- Project plans
- Project activities
- Legislation and standards
- Industry context
- Specialist wikis
Last edited 06 Jan 2021
How we should regulate the real estate industry
In places like Dubai, where real estate accounts for 20% of GDP (compared to an average of 7% in most other countries), governments need to reconsider regulation of the real estate sector. This is necessary in order to ensure that the sector continues to be healthy, transparent, professional and anti-fragile, while keeping the whole economy in balance.
The Great Recession of 2007 has taught us a costly lesson of what it means for a real estate sector to be out of control. There was a financial loss of more than $14 trillion in the United States alone, and more than 20 million jobs were lost worldwide, according to the International Labour Organization.
This was a crisis of confidence, when people’s trust in governments and businesses were at an all-time low. Unfortunately, this trend continues until this day. Therefore, governments and businesses need to find a formula to regain people’s confidence, as traditional regulation of real estate has proven ineffective.
Governments need to create and enforce high quality governance practices for the industry, while still leaving room for creativity and innovation. In Dubai, we have developed a code of governance for real estate developers, putting end users and investors at the forefront. However, Dubai still lags behind more than 40 economies worldwide, according to JLL’s Real Estate Transparency Index.
One of the reasons for this is that the real estate market does not have official, and therefore credible, access to performance indices or accurate information on supply, demand, property sales prices, ownership records and other important market variables.
These things, of course, reflect on the quality of foreign direct investment (FDI) in the real estate market, as we see more individual investors, rather than high quality institutional investors. In turn, this lack of quality investors affects everything from affordable sales and rent prices to disregard for laws protecting tenants’ rights.
I am honoured to be part of International Ethics Coalition, working on global ethics standards for the real estate industry, as lack of high standards of ethics were one of key issues raised in the crisis. This work is near completion, and will add a layer of transparency to the industry.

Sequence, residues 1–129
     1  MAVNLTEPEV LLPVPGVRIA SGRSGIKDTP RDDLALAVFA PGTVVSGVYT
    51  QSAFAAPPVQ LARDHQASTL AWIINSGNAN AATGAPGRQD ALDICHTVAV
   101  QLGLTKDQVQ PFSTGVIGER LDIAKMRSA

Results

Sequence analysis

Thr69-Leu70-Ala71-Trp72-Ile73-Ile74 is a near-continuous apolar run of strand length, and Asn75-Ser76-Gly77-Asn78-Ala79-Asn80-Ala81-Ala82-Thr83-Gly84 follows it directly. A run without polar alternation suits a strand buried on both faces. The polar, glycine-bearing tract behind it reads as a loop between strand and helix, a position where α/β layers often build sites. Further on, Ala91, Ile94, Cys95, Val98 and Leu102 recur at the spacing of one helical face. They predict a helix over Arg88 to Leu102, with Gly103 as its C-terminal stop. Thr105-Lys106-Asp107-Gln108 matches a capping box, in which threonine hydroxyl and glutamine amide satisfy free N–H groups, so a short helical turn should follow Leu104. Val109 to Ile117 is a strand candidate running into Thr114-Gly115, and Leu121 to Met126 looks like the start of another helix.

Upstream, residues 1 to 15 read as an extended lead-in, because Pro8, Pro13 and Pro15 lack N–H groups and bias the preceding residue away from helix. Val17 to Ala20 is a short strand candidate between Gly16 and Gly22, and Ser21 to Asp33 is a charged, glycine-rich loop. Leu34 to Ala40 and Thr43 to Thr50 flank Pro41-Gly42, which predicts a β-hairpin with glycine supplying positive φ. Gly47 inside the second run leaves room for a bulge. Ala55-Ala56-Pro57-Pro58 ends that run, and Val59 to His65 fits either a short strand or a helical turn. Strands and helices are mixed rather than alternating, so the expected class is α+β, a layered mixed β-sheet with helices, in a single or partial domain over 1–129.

As the MENA representative of the UN Global Compact, applying the 10 principles of human rights, labour rights, environmental protection and anti-corruption, we have discovered that, throughout the world, real estate is one of the sectors that least adheres to sustainability and best practices. Real estate, as an industry affecting everyone’s lives, should integrate stakeholders in its vision, strategies and businesses.
The industry must be held accountable, knowing that more than 800 million people do not have adequate housing, and 330 million are financially overstretched. The real estate industry has a social responsibility of solving the widening global housing affordability disaster, while discussing effective implementation of the Sustainable Development Goals.
Worldwide, governments themselves have failed miserably at solving the affordability issue, and it is now up to the 5 P’s (Planet, People, Public & Private Partnership) to help find a resolution. This is not to say that governments should be allowed to wash their hands of all responsibility, but that everyone needs to work towards a solution.
- Governments strengthening real estate market transparency, governance and resilience, linking it to the country’s vision and future.
- Transparency, governance and affordability needs to be looked at from a competitiveness point-of-view, given their impact on a country’s competitiveness and FDI attraction capabilities.
- Housing affordability should be at the centre of each government’s urban policies and economic strategies, in a way that capitalises on the multiple stakeholders.
- Continuous monitoring of the real estate market and its cycle is important for an anti-fragile real estate market that avoids crises, and cycles in a way that benefits the economy, and emerges stronger.
As UN Secretary General, Ban Ki-Moon stated: “Our times demand a new definition of leadership – global leadership. They demand a new constellation of international cooperation – governments, civil society and the private sector, working together for a collective global good.” This very much includes the real estate sector.
--Future of Construction 16:08, 16 Jun 2017 (BST)
 Related articles on Designing Buildings Wiki
- Construction is an industry ripe for tech disruption.
- How technology is changing the real estate industry.
- Industry Disruption: 10 ways real estate is changing.
- Investment property.
- Real estate.
- Real estate - going from villain to hero.
- Real estate in the augmented age.
- Real estate investment trust REIT.
- The future of the built environment in a revolutionary age.
- The key trends making our cities greener, safer and smarter.
Featured articles and news
LETI publishes guidance for energy efficient home retrofits.
Predictions about adequate post-pandemic IAQ in non-domestic buildings.
Government publishes plans to 'build back greener'.
The contentious nature of claims associated with cladding, fire safety and EWS1 forms.
ECA comments on low-carbon heating systems initiative and Heat and Buildings Strategy.
Cinders and other forms of domestic rubbish created filth but also generated great wealth.
CIC 2050 Group requests input to find out priorities for future industry leaders.
IHBC publishes response to consultation.
Institute applauds funding initiatives but presses for additional retrofit and tax measures.